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New technology could power electronics with sound

By Matthew · 26 replies
May 9, 2011
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  1. South Korean electrical engineers are developing a technology that could recharge your phone battery with the sound of your voice, according to the Telegraph. Dr. Sang-Woo Kim said that various…

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  2. Trillionsin

    Trillionsin TS Evangelist Posts: 1,806   +407

    When my phone isnt in use, I dont want it picking up any kind of sounds... I want the microphone to be turned OFF when I hang up. Just my opinion.
  3. red1776

    red1776 Omnipotent Ruler of the Universe Posts: 5,073   +164

    Hmmm...I wonder who's phone here would recharge the fastest? ....I'm just sayin.
  4. TomSEA

    TomSEA TechSpot Chancellor Posts: 3,123   +1,617

    "I wonder who's phone here would recharge the fastest?"

    Any woman. :p
  5. Basher

    Basher TS Rookie Posts: 54

    The microphone isn't going to be involved at all. Literally everything around you is already picking up these vibrations, they just aren't doing anything with them. This is just an attempt to make electricity out of something that is constantly around us, not being utilized.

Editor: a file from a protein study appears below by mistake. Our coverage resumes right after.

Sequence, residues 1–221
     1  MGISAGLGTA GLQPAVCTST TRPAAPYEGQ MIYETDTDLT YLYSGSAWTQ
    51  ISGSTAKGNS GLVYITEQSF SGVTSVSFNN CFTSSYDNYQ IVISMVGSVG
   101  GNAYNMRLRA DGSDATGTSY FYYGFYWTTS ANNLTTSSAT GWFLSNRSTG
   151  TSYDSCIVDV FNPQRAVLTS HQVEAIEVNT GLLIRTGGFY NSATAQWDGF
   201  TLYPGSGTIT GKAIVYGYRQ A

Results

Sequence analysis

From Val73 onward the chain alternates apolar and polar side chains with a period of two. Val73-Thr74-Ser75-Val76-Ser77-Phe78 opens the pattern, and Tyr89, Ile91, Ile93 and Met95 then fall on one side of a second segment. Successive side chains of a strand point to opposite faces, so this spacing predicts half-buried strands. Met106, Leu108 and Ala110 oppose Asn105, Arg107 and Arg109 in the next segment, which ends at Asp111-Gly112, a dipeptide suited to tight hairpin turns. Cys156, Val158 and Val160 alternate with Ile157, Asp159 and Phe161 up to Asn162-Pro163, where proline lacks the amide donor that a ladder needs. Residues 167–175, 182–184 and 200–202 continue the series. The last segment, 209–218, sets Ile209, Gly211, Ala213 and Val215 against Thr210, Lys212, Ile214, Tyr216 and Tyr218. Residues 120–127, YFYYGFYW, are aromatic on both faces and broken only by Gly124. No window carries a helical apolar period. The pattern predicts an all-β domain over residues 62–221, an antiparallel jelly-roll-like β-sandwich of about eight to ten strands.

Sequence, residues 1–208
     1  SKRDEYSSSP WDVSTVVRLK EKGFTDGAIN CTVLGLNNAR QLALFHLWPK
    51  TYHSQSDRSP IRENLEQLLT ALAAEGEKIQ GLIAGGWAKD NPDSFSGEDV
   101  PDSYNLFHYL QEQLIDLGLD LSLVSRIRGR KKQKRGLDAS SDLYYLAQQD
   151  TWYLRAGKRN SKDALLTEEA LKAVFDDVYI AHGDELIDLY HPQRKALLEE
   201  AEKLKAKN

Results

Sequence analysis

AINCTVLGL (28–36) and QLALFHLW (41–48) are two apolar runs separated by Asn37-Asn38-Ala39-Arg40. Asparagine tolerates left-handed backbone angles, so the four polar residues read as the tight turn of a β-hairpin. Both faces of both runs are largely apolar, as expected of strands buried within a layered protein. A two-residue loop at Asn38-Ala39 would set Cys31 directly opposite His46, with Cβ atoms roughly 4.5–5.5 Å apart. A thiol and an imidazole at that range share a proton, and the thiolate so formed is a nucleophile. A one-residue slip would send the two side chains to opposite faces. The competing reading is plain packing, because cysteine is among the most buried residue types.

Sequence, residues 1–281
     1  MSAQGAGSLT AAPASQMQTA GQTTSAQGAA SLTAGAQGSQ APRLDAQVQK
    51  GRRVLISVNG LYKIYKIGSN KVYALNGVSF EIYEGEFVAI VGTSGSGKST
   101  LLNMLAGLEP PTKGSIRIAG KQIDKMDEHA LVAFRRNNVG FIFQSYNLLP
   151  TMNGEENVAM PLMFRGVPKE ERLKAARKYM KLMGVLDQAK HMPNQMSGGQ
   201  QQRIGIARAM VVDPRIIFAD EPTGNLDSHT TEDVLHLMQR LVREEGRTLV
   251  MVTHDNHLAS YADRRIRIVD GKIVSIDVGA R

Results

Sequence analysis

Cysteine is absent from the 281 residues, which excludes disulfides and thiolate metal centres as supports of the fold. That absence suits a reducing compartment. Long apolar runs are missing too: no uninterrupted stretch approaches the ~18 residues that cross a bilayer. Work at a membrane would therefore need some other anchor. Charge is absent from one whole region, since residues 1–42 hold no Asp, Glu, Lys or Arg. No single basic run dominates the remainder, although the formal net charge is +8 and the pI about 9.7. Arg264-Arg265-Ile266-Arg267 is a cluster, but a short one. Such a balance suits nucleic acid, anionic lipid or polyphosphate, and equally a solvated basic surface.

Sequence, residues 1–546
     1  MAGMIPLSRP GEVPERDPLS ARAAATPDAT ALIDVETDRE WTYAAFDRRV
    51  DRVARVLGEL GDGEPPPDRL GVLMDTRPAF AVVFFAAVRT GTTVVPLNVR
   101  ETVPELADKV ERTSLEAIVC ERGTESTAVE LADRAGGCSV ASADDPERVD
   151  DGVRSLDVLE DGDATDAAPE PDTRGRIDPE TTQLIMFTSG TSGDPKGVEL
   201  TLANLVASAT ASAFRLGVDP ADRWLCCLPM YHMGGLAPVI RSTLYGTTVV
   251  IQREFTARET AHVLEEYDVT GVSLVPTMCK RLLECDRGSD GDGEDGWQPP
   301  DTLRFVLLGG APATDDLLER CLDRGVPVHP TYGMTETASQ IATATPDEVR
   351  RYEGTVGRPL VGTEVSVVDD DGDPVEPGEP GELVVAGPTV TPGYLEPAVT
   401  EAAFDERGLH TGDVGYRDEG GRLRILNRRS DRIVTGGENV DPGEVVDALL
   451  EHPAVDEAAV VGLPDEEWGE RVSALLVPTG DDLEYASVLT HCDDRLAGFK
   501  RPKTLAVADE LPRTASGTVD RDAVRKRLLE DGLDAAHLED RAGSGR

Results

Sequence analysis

6. Something about the conservation of energy makes this improbable for a few of their "practical" applications.
  7. Trillionsin

    Trillionsin TS Evangelist Posts: 1,806   +407

    Good point... still capabilities of this technology could still record all sound... maybe that would defeat the purpose though.. recording sound would require power... hmm.. well whatever happens I dont want all my drug talkin' going out on cell phone towers. LOL
  8. Modeazy

    Modeazy TS Rookie Posts: 27

    Oh I love alternative energy!Hope I live long enough to rock 'em!
  9. yRaz

    yRaz Nigerian Prince Posts: 2,881   +2,201

    New format: Electricity.

    First it was tapes, then CD's, MP3 players. Now we will have electricity players.
  10. gwailo247

    gwailo247 TechSpot Chancellor Posts: 2,007   +18

    " Earplugs. "
  11. Tekkaraiden

    Tekkaraiden TS Evangelist Posts: 996   +93

    Apparently a jackhammer at 3 feet is 100dB.
  12. treetops

    treetops TS Evangelist Posts: 2,549   +543

    Wouldn't it be awesome if we could harness the sound of the earth moving.
  13. abe10tiger

    abe10tiger TechSpot Paladin Posts: 612   +16

    Hooray! All I have to do is babble to charge mah phone. lol. xD
  14. captaincranky

    captaincranky TechSpot Addict Posts: 14,907   +3,976